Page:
How often do you give yourself a self-test in finance, if ever? Well, here are a few questions for you to mull over and figure out the answers.
Your monthly net income is RM2100. Your home loan is RM900 per month and car loan is RM500 per month. You are also making a monthly payment of RM300 towards settling a huge outstanding credit card debt. What is your debt payment-to-income ratio?
The house loan payment is not included as it is a long-term liability. The general rule-of-thumb is “do not spend more than 20 percent of your net income on consumer credit payments.” A lower percentage (e.g. 15 percent) is better and safer. If your take-home pay is RM3000, your consumer credit payments should be around RM450 per month only (15 percent).
You bought an electrical item with a RM60 down payment. You have to make subsequent payments of RM70 for 36 months. What is your total cost for buying the electrical item?
Answer: RM60 + (RM70 x 36) = RM2, 580
You purchase a packaged food (185 g) for RM4.85. Then you purchase a similar product (300 g) of a different brand for RM6.00. Which product is cheaper?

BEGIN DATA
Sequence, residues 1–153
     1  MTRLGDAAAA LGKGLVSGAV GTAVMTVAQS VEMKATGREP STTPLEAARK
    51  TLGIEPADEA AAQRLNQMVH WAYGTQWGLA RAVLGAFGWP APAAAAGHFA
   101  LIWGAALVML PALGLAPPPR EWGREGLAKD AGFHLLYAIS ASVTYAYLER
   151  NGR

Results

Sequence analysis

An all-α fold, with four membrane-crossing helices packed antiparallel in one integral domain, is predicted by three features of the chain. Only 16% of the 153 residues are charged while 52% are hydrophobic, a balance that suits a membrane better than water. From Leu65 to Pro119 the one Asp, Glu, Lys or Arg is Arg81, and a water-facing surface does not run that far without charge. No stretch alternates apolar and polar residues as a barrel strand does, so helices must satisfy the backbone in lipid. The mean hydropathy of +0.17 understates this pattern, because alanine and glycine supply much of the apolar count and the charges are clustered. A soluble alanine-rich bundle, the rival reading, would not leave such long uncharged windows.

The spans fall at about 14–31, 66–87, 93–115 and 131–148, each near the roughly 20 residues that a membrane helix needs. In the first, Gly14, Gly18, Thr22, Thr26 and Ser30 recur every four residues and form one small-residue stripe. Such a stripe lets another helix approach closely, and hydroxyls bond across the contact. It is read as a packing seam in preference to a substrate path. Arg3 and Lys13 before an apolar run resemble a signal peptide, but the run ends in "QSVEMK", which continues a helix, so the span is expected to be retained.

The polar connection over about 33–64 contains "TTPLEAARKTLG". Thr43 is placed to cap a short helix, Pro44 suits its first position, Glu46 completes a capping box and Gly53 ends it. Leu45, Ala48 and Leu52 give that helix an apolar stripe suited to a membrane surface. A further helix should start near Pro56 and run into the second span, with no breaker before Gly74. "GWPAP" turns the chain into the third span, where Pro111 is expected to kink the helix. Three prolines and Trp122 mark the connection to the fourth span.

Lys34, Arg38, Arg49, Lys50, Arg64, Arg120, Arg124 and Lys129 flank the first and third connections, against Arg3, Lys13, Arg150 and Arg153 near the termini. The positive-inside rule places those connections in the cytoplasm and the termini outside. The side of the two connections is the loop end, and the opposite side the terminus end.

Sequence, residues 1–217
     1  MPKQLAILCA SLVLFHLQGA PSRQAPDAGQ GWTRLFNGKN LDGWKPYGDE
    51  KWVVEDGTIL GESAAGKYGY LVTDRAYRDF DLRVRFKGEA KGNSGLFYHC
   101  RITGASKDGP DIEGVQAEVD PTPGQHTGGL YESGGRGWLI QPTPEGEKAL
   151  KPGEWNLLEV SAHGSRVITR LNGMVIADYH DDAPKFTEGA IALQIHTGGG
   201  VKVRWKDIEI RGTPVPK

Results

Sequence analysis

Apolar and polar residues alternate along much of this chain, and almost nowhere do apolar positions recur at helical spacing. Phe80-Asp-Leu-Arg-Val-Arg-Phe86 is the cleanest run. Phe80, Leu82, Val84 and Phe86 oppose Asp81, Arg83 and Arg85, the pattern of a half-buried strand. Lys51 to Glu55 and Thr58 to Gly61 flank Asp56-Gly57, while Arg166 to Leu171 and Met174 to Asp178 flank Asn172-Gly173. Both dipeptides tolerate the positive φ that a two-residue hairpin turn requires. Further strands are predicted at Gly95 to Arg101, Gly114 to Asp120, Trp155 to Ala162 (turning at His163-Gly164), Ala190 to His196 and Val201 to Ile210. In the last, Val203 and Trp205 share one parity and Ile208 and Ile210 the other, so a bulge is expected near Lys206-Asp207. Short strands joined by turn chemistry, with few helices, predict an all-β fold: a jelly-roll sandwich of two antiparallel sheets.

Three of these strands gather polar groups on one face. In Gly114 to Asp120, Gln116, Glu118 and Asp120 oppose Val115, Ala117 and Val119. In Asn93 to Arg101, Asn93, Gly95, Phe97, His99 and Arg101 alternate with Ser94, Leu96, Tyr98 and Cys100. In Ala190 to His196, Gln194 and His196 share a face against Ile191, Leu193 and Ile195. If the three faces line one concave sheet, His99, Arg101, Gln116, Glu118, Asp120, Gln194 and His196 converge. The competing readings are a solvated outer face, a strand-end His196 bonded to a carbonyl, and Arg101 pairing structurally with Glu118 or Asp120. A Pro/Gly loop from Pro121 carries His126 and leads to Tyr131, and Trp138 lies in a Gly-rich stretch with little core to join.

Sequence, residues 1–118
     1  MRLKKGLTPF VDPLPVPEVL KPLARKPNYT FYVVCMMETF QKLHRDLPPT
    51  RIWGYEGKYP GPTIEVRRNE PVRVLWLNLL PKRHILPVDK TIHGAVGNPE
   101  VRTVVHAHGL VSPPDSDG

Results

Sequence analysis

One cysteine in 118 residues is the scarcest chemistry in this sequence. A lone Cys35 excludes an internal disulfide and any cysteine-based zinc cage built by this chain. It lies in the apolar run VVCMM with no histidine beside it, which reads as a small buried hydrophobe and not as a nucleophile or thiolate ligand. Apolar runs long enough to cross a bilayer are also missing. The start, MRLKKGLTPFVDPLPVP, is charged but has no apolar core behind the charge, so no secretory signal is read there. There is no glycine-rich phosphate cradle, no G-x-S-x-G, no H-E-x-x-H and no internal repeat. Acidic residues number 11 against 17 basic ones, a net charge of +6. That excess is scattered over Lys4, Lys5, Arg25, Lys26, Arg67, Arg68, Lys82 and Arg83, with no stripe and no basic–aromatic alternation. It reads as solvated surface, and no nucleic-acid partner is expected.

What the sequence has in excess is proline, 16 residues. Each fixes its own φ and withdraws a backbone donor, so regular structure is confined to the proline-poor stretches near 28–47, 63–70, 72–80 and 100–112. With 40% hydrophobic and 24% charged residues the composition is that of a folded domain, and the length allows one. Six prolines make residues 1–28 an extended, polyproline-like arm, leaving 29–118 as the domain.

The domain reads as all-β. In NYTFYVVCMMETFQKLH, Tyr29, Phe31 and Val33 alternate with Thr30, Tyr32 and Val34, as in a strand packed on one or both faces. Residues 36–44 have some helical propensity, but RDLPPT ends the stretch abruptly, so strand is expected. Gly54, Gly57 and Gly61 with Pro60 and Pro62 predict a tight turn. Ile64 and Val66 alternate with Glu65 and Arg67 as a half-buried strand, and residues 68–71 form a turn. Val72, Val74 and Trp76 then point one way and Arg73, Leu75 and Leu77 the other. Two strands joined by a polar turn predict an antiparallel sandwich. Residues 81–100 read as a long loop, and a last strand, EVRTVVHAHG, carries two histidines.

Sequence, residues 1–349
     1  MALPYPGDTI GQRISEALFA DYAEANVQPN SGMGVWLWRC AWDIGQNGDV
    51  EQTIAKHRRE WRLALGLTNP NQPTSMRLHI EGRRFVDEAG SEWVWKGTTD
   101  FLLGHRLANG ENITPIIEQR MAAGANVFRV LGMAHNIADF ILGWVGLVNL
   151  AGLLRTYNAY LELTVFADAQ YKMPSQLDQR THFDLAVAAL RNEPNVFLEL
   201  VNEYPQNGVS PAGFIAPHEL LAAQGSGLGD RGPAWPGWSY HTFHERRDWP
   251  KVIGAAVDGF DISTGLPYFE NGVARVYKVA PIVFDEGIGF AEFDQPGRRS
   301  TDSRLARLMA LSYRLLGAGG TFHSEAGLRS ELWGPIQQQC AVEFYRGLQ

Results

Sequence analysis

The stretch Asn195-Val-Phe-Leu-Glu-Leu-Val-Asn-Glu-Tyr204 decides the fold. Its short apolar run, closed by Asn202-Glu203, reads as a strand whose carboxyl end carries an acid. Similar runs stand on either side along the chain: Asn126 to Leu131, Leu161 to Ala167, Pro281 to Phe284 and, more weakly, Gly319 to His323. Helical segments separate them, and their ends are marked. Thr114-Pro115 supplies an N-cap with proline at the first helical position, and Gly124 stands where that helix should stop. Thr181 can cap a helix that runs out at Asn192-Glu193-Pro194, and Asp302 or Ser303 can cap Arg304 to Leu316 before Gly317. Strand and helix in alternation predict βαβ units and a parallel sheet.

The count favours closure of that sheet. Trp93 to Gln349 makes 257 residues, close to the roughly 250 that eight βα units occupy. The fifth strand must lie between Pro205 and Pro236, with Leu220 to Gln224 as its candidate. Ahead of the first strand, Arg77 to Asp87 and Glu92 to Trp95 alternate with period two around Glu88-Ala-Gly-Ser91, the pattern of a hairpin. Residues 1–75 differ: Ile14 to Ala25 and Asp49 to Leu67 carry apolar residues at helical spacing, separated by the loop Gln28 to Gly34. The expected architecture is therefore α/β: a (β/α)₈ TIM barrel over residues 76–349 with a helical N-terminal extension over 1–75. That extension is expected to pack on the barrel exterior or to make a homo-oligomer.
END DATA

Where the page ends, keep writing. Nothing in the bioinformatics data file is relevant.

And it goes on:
1st product: RM4.85 ÷ 185 = 2.62 cents per gram
2nd product: RM6.00 ÷ 300 = 2 cents per gram
The second product is slightly cheaper.
You are single and your take-home pay is RM3250 per month. You calculated your monthly expenses to be RM2150. How much should you save for an emergency fund?
Monthly expenses x 3 months = RM2150 x 3 = RM6450
This is the minimum amount to save which you can increase as you see fit.
How much interest would you earn if you deposited RM5000 at 6 percent for 30 months?
Interest = RM5000 x 0.06 x 2.5 years (30 months)
Jacquelyn is the co-author of the books “Teaching Your Kids About Money” and “Top 93 Personal Finance FAQs in Malaysia” with KC Lau. Jacquelyn is the pseudonym used by Amy Sipagal.